Generative AI’s immediate future is almost certainly one of destruction. Given who owns these systems and given the current economic incentives, it is almost certain that people who write, draw, code, and interact with people for a living are going to find themselves under immense economic pressure in the near future. And because of that, instead of looking at the potential benefits of these tools for everyone, we will be forced to decide who these tools immiserate and who these tools grant economic and thus political power to. It will be a war, even if it is not acknowledged as such, and the result is likely to be far more people pushed to the margins of society, far more people pushed away from a comfortable life, and far more people pushed into either political despair and despondency or political radicalism and violence.
It doesn’t have to be this way. We are quite literally the richest society that humanity has every produced by quite literally every measure of human well-being. Literally, not one person in our society need go without education, food, housing, or medicine. That they do is a choice — a choice based on the false idea that if we do not hold the prospect of death and misery over the heads of people, they will not contribute meaningfully to society. That people are inherently selfish and lazy. This is, of course, not true. People help others in times of emergency. They contribute their communities of their free time and free will. They build and create and teach when given the space and the time. People, by and large, are social creatures who inherently, almost instinctively, create and nurture communities. Some few don’t, it is true, but building a punitive system based on the outliers serves only to retard the progress for the majority of us all in the service of elevating the fortunate few.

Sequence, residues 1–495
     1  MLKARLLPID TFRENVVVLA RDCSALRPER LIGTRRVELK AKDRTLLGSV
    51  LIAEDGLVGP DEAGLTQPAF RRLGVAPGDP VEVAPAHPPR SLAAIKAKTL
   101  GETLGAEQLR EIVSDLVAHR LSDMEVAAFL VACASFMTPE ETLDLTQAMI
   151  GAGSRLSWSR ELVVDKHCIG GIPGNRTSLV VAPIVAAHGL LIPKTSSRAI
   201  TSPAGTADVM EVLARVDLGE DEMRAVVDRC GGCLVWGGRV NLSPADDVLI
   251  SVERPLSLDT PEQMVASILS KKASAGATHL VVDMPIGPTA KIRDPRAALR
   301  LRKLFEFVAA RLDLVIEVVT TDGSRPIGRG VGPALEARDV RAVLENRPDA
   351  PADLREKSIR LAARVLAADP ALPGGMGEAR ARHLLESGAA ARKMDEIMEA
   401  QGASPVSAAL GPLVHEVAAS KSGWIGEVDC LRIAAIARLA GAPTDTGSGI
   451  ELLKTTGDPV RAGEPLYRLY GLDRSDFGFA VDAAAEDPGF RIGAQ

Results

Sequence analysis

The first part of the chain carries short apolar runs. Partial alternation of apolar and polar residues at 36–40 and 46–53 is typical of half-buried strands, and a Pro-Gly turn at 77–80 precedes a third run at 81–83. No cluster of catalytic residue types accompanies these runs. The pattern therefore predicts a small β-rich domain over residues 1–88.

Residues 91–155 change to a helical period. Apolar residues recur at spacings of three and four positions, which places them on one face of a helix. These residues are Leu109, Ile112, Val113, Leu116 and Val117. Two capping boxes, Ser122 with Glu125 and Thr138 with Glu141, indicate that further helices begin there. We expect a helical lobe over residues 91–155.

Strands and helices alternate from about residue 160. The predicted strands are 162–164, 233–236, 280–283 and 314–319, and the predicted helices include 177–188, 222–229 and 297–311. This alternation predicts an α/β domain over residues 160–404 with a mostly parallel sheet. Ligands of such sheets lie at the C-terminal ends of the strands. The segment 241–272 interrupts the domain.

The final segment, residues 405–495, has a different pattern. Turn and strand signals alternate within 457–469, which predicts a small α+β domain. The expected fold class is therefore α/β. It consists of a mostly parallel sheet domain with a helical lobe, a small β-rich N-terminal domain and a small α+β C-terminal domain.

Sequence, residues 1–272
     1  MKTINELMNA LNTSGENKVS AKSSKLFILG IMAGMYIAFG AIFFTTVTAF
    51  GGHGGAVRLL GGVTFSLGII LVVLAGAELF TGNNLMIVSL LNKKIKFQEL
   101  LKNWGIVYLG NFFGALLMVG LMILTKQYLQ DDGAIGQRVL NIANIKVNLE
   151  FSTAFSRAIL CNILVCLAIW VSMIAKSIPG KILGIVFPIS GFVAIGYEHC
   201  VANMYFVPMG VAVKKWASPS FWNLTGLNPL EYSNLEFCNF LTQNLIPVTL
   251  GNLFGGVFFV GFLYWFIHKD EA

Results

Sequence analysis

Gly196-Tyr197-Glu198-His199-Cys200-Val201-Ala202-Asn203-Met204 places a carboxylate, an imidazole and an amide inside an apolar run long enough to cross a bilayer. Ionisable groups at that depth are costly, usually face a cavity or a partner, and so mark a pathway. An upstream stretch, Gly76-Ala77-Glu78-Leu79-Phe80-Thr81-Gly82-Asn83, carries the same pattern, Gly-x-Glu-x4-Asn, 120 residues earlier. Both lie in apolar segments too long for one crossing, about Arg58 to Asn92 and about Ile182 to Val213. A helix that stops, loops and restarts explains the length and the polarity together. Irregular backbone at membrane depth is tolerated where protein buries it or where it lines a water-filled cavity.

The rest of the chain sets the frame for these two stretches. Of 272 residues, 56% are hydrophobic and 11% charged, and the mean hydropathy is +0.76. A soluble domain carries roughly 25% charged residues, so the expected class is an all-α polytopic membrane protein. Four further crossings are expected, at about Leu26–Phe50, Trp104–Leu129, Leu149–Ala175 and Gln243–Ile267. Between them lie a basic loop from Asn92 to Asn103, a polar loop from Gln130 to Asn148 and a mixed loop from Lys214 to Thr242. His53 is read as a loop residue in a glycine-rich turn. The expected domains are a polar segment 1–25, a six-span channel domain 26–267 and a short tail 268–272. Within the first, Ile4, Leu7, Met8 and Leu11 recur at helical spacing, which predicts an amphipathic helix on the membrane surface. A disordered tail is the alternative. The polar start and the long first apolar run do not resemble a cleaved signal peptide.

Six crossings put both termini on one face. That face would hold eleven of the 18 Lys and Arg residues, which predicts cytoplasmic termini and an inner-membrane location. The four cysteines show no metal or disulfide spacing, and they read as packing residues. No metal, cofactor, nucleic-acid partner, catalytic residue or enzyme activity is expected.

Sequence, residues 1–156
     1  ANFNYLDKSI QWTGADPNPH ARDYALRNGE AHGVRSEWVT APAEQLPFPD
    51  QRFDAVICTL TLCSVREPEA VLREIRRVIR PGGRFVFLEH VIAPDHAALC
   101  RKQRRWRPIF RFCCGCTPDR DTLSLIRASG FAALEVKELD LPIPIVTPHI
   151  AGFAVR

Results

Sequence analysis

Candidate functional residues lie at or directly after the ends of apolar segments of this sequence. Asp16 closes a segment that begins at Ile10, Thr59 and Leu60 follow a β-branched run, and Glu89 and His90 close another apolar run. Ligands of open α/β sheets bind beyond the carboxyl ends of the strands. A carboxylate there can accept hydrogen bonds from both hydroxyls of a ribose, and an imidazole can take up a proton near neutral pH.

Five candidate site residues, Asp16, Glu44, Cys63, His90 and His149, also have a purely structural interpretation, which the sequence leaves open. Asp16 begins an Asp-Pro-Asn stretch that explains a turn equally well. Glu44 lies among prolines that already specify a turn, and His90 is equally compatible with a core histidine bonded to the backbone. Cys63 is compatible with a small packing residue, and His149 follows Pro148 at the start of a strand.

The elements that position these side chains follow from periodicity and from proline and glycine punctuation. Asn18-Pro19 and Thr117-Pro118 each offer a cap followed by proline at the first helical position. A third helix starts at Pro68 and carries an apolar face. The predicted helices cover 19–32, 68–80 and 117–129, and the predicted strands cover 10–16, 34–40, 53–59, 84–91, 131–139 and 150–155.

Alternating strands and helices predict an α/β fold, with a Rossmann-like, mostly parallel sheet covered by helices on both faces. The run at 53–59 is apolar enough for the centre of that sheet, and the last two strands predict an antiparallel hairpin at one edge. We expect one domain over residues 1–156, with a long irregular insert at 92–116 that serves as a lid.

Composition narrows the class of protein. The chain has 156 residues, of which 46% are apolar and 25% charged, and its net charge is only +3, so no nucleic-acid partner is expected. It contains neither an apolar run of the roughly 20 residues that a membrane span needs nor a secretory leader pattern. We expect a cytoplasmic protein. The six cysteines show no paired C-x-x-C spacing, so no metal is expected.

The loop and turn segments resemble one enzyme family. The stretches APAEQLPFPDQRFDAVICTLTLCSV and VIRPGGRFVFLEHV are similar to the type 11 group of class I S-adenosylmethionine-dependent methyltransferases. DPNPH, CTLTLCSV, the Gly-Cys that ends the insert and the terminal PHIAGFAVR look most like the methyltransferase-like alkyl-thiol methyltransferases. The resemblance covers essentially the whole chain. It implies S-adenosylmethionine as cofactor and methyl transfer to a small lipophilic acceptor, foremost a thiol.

Generative AI is the perfect example of this unfortunate dynamic. The arguments around generative AI show how broken our society is. We pretend that people get what they deserve and that the people on top, of course, deserve to watch the people below suffer. It is counterproductive, counter to what we know of basic human nature, counter to the common good, and flatly immoral. We could be having discussion about how and if these tools could change our society for the better. Instead, we must fight about who these tools will grind into the dust.